Luke tells us they were cut to the heart. The Holy Spirit convicted them of their sin. Luke tells us they asked the apostles what they should do. They were told to repent and to be baptized. The murderers repented. The sinners were baptized. They received the gift of the Holy Spirit. And then, they were filled with the love of God for one another so that they gave of themselves generously and saw to it that no one was hungry and that no one had a need.
This community of Christians in Acts was truly a Spirit directed community. They were moved in their love for God to love each other. There was no need for taxes or dues or fees because they willingly gave as each one was able to each one who had need.
For us who are Christians 2000 years and a few thousand miles removed we might ask if the same miracle happened here? Yes it has. The same Spirit has come to us as we have gathered together to break the Bread of Christ's Body. The same Spirit flows through the living waters of Baptism. The same Spirit is alive and active in the preaching and hearing of the Word. This Spirit turns us from murderers and sinners and idolaters to lovers of God and one another.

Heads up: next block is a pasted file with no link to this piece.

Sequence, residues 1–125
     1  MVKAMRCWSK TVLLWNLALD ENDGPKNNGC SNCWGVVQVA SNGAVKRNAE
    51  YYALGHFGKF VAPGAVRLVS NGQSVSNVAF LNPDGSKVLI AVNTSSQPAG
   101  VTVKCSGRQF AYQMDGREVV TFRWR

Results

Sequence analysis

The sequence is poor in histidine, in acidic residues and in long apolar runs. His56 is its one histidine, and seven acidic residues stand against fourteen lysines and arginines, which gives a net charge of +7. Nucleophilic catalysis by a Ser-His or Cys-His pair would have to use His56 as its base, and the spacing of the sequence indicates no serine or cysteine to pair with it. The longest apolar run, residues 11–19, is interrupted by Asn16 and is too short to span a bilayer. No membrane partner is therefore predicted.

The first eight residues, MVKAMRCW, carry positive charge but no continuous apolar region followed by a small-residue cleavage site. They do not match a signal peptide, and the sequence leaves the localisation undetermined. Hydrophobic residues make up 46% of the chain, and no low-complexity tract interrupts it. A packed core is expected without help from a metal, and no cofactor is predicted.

Has the miracle of Pentecost moved us to the same works and gifts of love? Yes. Consider the gifts that are given each Sunday as Spirit filled Christians open their hearts and their hands to give their offerings so that they might be used to offer gifts of love to the families in our church and local community? Is that Holy Spirit who would prompt us to these gifts ever resisted through sins of greed and selfishness? Yes. Are these sins that we need to repent of? Yes. Does the Holy Spirit bring us to forgiveness? Yes.